Pilots falling asleep on the job is far more common than you might expect. In one British Airline Pilots Association’s survey of 500 commercial pilots, 56 percent admitted to having fallen asleep on the flight deck. Twenty-nine percent had woken up to find the other pilot asleep. Eighty-four percent said they believed their abilities had been compromised by tiredness in the past six months.
While this might seem like unacceptable behavior, it is also very common. Here in the U.S., the FAA does not legally allow pilots to nap in the cockpit, but they have acknowledged they understand the value of catching a cat nap. In fact, a NASA/FAA study demonstrated the effectiveness of a brief in-flight nap in improving subsequent alertness and performance. According to the study, “a planned brief in-flight nap would be an operational strategy that directly reduces the physiological sleepiness engendered by flight operations.”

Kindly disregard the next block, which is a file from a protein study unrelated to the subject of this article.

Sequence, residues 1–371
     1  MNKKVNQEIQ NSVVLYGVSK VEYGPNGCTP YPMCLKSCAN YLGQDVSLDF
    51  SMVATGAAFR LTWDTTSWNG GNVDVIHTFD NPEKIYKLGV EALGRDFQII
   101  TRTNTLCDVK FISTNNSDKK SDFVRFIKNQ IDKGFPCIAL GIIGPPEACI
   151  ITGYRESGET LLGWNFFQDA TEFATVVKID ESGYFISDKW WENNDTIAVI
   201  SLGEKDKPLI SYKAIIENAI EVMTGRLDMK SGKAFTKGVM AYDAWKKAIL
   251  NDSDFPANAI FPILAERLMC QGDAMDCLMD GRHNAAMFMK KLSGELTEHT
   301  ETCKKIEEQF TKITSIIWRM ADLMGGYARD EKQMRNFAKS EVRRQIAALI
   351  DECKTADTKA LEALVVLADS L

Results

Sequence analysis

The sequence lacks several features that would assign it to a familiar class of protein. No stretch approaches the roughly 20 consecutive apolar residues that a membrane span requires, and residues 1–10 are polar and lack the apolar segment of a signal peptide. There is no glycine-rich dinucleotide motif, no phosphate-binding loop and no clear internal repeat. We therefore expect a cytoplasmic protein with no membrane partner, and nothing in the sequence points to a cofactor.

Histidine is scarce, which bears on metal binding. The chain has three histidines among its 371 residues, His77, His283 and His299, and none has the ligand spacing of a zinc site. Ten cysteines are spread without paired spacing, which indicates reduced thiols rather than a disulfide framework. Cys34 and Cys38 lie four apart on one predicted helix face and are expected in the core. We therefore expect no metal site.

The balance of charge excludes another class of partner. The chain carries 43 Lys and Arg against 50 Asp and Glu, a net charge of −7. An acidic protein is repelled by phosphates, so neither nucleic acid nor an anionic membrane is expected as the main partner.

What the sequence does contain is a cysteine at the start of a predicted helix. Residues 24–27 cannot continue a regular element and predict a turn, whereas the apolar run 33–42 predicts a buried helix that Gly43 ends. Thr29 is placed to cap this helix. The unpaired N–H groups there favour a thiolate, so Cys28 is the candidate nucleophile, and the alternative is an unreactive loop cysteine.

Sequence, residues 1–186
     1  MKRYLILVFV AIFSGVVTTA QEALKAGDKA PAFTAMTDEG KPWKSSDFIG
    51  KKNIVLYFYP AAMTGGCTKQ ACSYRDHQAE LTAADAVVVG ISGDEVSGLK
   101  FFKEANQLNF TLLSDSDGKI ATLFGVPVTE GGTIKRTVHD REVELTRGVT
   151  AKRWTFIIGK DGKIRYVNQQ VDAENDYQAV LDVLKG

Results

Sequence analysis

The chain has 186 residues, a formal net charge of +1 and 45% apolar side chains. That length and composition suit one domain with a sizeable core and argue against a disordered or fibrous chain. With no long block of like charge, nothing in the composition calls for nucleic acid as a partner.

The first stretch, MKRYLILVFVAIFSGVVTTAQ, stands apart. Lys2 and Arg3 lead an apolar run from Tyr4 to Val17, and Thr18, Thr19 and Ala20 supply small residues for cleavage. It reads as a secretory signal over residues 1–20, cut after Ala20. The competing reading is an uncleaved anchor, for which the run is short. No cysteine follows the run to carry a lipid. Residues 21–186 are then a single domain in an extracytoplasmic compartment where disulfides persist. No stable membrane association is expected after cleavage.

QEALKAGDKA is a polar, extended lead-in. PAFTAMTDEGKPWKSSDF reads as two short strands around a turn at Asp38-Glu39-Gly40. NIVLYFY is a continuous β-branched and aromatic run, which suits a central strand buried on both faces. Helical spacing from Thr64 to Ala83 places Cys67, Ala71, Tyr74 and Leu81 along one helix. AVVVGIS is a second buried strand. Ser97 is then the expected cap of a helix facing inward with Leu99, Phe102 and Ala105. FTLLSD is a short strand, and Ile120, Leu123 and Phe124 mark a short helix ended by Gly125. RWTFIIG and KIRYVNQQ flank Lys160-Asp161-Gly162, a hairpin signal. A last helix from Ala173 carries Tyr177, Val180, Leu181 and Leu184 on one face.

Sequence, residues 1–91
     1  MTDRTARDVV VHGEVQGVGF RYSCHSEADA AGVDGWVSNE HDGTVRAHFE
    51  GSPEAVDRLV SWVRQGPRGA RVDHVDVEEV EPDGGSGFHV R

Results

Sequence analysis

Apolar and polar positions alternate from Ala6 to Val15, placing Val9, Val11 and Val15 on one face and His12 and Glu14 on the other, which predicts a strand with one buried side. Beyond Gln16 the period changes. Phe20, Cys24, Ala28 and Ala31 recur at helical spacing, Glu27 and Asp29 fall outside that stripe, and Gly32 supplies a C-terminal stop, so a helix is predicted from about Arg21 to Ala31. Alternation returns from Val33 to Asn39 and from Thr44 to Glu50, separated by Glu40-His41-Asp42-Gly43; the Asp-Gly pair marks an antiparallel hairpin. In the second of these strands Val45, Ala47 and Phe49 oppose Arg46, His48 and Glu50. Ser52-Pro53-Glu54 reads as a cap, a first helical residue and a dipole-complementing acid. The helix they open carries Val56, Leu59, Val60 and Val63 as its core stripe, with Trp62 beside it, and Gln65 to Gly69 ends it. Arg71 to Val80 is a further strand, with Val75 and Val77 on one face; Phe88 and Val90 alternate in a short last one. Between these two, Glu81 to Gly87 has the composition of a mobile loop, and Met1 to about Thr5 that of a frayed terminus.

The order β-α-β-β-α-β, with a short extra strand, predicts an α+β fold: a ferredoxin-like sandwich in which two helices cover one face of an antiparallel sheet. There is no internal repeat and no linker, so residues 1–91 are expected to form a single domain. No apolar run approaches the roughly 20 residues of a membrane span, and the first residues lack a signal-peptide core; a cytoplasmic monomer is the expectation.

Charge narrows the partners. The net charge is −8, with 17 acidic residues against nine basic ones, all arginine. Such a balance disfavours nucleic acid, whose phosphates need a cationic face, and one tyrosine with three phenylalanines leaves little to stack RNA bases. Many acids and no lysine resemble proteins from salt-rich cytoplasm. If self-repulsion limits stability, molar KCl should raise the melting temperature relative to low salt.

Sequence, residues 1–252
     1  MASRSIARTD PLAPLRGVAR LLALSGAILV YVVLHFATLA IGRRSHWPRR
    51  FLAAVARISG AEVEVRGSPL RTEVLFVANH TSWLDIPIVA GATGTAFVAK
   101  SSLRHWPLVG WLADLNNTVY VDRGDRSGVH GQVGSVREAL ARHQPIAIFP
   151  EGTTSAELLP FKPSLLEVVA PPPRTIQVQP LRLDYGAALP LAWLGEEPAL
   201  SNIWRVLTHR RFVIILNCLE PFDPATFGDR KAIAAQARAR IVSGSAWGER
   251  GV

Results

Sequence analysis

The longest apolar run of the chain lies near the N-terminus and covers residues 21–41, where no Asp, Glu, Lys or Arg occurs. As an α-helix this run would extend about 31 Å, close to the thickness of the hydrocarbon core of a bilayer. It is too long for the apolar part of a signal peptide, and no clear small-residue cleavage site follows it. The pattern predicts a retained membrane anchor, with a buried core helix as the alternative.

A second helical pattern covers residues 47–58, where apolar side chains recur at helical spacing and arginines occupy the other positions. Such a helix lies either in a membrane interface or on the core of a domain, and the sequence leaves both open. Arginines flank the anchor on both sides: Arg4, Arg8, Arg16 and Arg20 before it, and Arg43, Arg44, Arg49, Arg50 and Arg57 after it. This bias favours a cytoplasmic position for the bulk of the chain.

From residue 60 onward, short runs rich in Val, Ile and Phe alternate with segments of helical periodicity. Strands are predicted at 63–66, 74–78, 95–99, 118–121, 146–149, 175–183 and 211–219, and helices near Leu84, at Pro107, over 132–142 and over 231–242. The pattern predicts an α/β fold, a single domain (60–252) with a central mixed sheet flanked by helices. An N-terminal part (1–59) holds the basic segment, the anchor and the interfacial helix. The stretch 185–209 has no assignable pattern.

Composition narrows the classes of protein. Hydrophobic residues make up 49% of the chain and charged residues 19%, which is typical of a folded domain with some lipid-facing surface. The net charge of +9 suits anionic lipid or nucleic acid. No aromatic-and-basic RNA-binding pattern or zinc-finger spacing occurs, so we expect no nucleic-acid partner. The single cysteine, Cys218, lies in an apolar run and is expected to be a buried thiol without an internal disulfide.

One pilot even acknowledged that cat naps are quite common.
It’s not legal, but as long as you don’t do something wrong—like overshoot your landing—it’s actually safer. You can look at the other guy and say if you need 10 minutes….it really brings you back to life.
Follow along on Peter’s CBS This Morning report to see whether not a cat nap has any impact on your flying safety.
For more information on pilot safety, check out:
- Are New Pilot Safety Regulations Enough?
- A Pilot’s Analysis of Potential Errors in Asiana 214
- New Law Boosts Pilot Training & Airline Accountability